CHAPTER X. The Preparation Of The Army

When one compares the conditions under which the Spanish American War was fought with those of the Great War, he feels himself living in a different age. Twenty years ago hysteria and sudden panics swept the nation. Cheers and waving handkerchiefs and laughing girls sped the troops on their way. It cannot be denied that the most popular song of the war time was "There'll be a hot time in the old town to-night," though it may be believed that the energy and swing of the music rather than the words made it so. The atmosphere of the country was one of a great national picnic where each one was expected to carry his own lunch. There was apparent none of the concentration of effort and of the calm foresight so necessary for efficiency in modern warfare. For youth the Spanish American War was a great adventure; for the nation it was a diversion sanctioned by a high purpose.

This abandon was doubtless in part due to a comfortable consciousness of the vast disparity in resources between Spain and the United States, which, it was supposed, meant automatically a corresponding difference in fighting strength. The United States did, indeed, have vast superiorities which rendered unnecessary any worry over many of the essentials which gripped the popular mind during the Great War. People believed that the country could supply the munitions needed, and that of facilities for transport it had enough. If the United States did not have at hand exactly the munitions needed, if the transportation system had not been built to launch an army into Cuba, it was popularly supposed that the wealth of the country rendered such trifles negligible, and that, if insufficient attention had been given to the study of such matters in the past, American ingenuity would quickly offset the lack of skilled military experience. The fact that American soldiers traveled in sleeping cars while European armies were transported in freight cars blinded Americans for a while to the significant fact that there was but a single track leading to Tampa, the principal point of embarkation for Cuba; and no one thought of building another.

Nothing so strongly marks the amateur character of the conduct of the Spanish War as the activity of the American press. The navy was dogged by press dispatch boats which revealed its every move. When Admiral Sampson started upon his cruise to San Juan, he requested the press boats to observe secrecy, and Admiral Chadwick comments with satisfaction upon the fact that this request was observed "fully and honorably...by every person except one." When Lieutenant Whitney risked his life as a spy in order to investigate conditions in Porto Rico; his plans and purpose were blazoned in the press. Incredible as it may now seem, the newspaper men appear to have felt themselves part of the army. They offered their services as equals, and William Randolph Hearst even ordered one of his staff to sink a vessel in the Suez Canal to delay Camara on his expedition against Dewey. This order, fortunately for the international reputation of the United States, was not executed. With all their blare and childish enthusiasm, the reporters do not seem to have been so successful in revealing to Americans the plans of Spain as they were in furnishing her with itemized accounts of all the doings of the American forces.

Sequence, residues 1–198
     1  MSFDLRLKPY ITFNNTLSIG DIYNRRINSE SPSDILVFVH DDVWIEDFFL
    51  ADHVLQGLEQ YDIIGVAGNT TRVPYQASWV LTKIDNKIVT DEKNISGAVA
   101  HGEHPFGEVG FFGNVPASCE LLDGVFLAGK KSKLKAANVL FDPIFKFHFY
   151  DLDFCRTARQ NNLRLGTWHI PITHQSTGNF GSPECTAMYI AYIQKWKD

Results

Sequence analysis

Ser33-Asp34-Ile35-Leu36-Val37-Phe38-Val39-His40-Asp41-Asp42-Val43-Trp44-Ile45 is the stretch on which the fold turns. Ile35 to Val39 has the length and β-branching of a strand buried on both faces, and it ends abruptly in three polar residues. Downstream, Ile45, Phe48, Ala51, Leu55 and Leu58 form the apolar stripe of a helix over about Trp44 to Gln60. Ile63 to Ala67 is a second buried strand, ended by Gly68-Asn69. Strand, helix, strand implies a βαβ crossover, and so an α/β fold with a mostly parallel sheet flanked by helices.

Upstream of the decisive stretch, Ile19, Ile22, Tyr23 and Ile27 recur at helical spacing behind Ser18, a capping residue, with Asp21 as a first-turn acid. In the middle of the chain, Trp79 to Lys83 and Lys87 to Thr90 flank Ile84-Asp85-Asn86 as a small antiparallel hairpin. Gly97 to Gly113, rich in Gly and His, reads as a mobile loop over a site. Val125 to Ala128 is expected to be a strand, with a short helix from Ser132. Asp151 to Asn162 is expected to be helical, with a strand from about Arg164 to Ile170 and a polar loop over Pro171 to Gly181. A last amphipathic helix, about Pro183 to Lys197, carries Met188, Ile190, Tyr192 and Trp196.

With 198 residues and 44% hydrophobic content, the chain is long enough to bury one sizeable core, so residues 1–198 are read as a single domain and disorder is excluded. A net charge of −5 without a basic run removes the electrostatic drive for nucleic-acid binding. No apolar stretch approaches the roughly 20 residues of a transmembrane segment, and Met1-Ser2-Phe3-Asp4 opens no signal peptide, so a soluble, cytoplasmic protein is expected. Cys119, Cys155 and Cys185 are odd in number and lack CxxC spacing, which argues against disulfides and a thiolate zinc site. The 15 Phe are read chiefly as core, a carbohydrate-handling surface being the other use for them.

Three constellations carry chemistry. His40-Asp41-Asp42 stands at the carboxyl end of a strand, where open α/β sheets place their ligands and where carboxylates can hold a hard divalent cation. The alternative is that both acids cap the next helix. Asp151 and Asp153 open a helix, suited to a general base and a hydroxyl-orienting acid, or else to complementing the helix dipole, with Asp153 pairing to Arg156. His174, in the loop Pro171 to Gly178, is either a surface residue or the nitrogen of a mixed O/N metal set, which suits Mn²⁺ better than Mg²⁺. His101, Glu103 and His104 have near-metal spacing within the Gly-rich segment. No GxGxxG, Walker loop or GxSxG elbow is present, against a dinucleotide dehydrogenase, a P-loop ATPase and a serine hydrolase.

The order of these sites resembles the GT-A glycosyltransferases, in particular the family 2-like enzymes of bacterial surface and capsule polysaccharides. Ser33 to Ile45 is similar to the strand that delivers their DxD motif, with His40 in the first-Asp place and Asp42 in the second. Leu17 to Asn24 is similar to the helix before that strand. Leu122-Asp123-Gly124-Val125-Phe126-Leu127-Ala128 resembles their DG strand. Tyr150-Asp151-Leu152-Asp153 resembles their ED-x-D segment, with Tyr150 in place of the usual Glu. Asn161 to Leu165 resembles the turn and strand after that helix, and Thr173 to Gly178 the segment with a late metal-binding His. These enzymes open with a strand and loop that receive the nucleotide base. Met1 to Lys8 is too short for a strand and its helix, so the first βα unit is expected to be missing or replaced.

While the press not only revealed but formulated courses of action in the case of the army, the navy, at least, was able to follow its own plans. For this difference there were several causes, chief of which was the fact that the navy was a fully professional arm, ready for action both in equipment and in plans, and able to take a prompt initiative in carrying out an aggressive campaign. The War Department had a more difficult task in adjusting itself to the new conditions brought about by the Spanish American War. The army was made up on the principle traditionally held in the United States that the available army force in time of peace should be just sufficient for the purposes of peace, and that it should be enlarged in time of war. To allow a fair amount of expansion without too much disturbance to the organization in increasing to war strength, the regular army was over-officered in peace times. The chief reliance in war was placed upon the militia. The organization and training of this force was left, however, under a few very general directions, to the various States. As a result, its quality varied and it was nowhere highly efficient in the military sense. Some regiments, it is true, were impressive on parade, but almost none of the officers knew anything of actual modern warfare. There had been no preliminary sifting of ability in the army, and it was only as experience gave the test that the capable and informed were called into positions of importance. In fact, the training of the regular officers was inferior to that of the naval officers. West Point and Annapolis were both excellent in the quality of their instruction, but what they offered amounted only to a college course, and in the army there was no provision for systematic graduate study corresponding to the Naval War College at Newport.